Examination of the relationship between anxiety and memory functioning in older adults.
AuthorMartino, Gregory Michael.
Committee ChairKaszniak, Alfred W.
MetadataShow full item record
PublisherThe University of Arizona.
RightsCopyright © is held by the author. Digital access to this material is made possible by the University Libraries, University of Arizona. Further transmission, reproduction or presentation (such as public display or performance) of protected items is prohibited except with permission of the author.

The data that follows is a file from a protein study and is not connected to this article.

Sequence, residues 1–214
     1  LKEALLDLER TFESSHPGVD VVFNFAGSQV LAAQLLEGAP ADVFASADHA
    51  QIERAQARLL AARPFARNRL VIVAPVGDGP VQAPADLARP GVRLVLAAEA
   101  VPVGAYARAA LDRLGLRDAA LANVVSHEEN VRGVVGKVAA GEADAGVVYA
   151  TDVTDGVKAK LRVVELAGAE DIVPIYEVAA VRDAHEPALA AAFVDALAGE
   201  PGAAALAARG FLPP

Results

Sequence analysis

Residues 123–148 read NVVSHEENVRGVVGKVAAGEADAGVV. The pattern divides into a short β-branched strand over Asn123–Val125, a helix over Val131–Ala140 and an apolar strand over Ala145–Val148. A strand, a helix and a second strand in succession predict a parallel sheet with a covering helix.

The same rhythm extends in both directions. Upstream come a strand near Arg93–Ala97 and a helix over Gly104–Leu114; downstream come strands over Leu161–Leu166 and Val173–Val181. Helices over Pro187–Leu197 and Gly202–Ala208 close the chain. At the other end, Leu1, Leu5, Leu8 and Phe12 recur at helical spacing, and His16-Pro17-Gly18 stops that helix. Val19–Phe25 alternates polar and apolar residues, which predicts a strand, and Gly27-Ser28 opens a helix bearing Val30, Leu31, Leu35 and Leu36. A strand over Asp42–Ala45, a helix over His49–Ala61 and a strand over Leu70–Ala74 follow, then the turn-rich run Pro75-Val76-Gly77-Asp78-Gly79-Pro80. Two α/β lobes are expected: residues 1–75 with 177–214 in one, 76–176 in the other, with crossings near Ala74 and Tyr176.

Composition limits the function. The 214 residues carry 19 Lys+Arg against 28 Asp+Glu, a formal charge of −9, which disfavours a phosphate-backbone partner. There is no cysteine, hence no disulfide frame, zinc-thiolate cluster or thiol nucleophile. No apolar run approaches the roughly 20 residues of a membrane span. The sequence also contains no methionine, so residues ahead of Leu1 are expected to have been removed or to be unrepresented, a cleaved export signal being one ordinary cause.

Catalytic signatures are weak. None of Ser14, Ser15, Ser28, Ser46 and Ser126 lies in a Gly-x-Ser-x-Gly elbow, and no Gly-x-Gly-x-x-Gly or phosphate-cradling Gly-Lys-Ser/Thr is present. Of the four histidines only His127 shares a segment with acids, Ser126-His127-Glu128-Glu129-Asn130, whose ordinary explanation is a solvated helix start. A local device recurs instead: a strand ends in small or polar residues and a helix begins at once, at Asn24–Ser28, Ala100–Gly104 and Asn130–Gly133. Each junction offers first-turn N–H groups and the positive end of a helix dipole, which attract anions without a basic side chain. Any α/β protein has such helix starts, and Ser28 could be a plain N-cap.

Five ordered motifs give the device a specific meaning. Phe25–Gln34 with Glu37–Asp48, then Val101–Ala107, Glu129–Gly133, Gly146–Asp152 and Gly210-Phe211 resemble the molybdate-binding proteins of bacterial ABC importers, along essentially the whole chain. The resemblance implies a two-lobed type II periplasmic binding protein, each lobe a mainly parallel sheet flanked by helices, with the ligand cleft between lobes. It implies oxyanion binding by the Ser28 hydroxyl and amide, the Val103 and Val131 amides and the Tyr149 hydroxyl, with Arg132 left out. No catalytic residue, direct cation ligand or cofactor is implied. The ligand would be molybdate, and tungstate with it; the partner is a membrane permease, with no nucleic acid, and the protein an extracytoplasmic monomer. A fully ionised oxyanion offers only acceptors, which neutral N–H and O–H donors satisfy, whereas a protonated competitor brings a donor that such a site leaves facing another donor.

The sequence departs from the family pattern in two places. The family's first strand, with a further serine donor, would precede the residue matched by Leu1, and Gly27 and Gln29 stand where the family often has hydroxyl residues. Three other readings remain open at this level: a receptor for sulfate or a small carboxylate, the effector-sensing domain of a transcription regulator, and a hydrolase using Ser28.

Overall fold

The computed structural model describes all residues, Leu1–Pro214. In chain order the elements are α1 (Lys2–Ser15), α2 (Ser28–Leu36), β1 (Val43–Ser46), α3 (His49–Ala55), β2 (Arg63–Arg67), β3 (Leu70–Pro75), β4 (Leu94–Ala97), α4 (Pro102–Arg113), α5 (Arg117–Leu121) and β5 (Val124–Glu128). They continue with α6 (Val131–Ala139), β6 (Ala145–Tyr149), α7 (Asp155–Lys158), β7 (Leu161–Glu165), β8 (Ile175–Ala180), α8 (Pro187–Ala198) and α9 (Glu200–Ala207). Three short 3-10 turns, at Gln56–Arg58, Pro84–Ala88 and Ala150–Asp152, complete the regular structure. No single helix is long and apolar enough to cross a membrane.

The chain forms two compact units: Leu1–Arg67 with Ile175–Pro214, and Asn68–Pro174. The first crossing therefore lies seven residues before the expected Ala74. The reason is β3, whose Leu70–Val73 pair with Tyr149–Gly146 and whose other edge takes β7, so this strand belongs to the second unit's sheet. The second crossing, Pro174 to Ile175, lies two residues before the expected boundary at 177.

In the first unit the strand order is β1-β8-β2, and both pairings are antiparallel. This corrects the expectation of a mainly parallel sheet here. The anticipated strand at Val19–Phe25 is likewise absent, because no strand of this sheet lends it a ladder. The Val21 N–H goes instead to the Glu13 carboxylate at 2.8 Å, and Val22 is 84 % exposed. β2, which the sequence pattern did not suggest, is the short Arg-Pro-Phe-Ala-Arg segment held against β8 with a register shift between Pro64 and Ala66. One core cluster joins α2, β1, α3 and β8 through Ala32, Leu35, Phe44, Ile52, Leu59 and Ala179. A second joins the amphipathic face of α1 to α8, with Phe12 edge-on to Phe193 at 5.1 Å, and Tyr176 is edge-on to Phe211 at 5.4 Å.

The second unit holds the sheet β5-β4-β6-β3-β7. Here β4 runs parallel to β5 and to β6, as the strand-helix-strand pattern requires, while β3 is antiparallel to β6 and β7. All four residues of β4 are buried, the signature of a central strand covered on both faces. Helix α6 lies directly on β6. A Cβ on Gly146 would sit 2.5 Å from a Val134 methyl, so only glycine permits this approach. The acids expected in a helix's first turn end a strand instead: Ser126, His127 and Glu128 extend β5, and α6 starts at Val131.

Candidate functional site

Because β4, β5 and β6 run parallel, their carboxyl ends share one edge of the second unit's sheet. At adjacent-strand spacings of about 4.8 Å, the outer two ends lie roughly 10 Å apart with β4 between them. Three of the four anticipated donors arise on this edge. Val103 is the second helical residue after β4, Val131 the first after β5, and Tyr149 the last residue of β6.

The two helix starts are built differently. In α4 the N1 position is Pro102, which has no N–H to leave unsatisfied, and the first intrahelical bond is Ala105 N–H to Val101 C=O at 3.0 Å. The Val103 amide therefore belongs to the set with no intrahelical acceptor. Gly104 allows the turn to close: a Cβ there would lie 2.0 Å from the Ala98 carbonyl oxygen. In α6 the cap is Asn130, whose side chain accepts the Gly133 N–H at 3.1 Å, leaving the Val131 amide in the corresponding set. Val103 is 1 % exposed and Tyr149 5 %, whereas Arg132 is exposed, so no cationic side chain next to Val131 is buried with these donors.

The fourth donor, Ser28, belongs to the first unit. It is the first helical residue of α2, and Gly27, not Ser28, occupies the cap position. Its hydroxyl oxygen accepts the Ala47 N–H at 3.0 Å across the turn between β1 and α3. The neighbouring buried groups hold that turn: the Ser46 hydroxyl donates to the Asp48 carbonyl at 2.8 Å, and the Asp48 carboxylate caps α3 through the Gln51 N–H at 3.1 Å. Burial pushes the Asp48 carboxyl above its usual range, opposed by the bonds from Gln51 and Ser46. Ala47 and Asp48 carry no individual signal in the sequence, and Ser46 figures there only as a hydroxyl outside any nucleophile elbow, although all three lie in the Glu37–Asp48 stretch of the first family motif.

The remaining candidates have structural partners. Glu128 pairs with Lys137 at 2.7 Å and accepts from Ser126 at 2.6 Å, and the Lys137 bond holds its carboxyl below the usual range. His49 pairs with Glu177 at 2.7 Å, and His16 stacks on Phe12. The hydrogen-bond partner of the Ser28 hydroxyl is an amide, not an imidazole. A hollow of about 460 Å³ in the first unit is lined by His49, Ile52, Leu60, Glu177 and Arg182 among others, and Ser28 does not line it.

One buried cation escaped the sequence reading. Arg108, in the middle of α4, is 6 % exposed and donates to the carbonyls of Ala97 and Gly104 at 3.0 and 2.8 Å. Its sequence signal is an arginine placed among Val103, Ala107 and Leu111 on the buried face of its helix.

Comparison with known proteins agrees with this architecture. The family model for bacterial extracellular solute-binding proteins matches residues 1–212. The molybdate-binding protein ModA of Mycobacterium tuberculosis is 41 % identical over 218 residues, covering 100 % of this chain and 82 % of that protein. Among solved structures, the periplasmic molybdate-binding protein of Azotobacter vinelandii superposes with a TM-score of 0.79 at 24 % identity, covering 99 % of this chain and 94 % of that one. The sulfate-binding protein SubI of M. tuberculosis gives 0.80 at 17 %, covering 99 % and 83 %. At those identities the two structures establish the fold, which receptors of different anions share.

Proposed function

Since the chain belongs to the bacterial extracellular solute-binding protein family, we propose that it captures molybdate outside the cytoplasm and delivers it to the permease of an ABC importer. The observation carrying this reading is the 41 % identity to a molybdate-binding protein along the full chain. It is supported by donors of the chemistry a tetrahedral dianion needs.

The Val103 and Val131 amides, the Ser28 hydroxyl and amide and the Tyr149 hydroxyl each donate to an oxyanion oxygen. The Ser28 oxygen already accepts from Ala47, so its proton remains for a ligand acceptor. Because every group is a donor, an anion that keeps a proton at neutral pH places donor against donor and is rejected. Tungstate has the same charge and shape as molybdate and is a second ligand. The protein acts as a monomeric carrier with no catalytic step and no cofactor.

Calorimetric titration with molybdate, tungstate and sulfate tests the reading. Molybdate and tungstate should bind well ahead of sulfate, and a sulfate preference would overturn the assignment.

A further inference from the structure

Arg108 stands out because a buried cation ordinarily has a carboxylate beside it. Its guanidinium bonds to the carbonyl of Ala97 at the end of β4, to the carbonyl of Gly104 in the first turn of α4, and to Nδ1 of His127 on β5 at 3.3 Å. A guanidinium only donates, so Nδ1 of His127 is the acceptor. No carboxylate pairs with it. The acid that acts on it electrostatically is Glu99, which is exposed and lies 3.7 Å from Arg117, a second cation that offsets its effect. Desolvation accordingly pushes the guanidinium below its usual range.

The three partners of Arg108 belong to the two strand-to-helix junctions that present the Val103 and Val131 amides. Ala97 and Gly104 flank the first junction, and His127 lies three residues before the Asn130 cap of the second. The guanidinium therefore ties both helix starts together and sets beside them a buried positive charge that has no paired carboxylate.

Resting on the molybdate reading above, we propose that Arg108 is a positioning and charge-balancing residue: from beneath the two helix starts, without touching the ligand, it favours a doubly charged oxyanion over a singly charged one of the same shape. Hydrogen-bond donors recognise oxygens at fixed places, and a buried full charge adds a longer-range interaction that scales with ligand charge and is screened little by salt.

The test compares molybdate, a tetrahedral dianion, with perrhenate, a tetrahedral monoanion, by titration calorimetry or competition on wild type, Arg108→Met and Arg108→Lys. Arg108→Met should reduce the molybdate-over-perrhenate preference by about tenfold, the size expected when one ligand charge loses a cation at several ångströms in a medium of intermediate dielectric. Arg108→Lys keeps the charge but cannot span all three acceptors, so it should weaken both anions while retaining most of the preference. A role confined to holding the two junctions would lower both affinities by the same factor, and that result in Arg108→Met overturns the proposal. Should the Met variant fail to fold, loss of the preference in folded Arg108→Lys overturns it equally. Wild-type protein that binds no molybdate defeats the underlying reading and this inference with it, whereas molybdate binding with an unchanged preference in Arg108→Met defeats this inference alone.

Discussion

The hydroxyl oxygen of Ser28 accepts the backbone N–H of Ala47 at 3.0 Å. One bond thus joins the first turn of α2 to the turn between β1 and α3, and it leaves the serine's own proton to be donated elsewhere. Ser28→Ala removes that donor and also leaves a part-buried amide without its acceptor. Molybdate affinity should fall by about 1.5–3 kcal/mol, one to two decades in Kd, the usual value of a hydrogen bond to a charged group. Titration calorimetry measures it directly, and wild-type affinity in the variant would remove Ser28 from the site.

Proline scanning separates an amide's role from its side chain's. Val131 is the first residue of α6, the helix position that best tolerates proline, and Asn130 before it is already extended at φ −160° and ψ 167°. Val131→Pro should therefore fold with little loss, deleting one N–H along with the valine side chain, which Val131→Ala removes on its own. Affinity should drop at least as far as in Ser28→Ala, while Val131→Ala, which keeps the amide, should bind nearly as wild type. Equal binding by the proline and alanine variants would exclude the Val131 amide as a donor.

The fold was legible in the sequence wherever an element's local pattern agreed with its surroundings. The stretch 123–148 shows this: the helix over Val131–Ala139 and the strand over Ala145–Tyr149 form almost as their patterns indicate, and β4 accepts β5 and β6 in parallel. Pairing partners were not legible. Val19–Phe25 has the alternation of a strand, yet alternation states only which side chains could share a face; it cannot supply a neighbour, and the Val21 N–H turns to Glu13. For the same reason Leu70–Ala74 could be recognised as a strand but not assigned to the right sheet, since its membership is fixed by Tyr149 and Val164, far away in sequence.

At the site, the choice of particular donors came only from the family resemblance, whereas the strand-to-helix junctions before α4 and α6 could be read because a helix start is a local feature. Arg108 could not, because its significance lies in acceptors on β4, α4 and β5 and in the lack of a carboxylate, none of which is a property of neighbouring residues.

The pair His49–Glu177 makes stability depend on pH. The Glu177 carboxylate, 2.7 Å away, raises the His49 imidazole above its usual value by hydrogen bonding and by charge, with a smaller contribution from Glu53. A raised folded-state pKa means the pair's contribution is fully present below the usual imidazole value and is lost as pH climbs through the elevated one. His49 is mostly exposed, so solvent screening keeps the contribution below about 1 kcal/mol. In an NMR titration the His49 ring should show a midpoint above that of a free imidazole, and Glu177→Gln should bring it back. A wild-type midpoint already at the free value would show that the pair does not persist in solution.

AbstractThe present study attempts to test the hypothesis that anxiety, reflected in physiological and psychological measures, is related to impairment in memory systems which hypothetically involve the hippocampus in older adults. A single 24-hour collection of cortisol was obtained from a group of 159 healthy elderly subjects. Immediately after the collection, a test battery of various types of verbal memory and anxiety was administered. Multiple regression analyses revealed that the experience of anxiety as measured by the instruments in this study does not significantly affect performance on a measure of long-term memory (LTM). Age itself accounted for most of the variation in LTM scores, followed by gender and education, respectively. However, the effect of anxiety as measured by a composite of paper-and-pencil instruments on LTM scores was apparent in an aged subgroup of older adults. In neither sample was the 24-hour measure of cortisol found to be a significant predictor of LTM scores. It is suggested that multiple cortisol collections be obtained for a more accurate indicator of adrenocortical activity and that more sensitive measures of memory and anxiety be used in the assessment of a healthy older adults.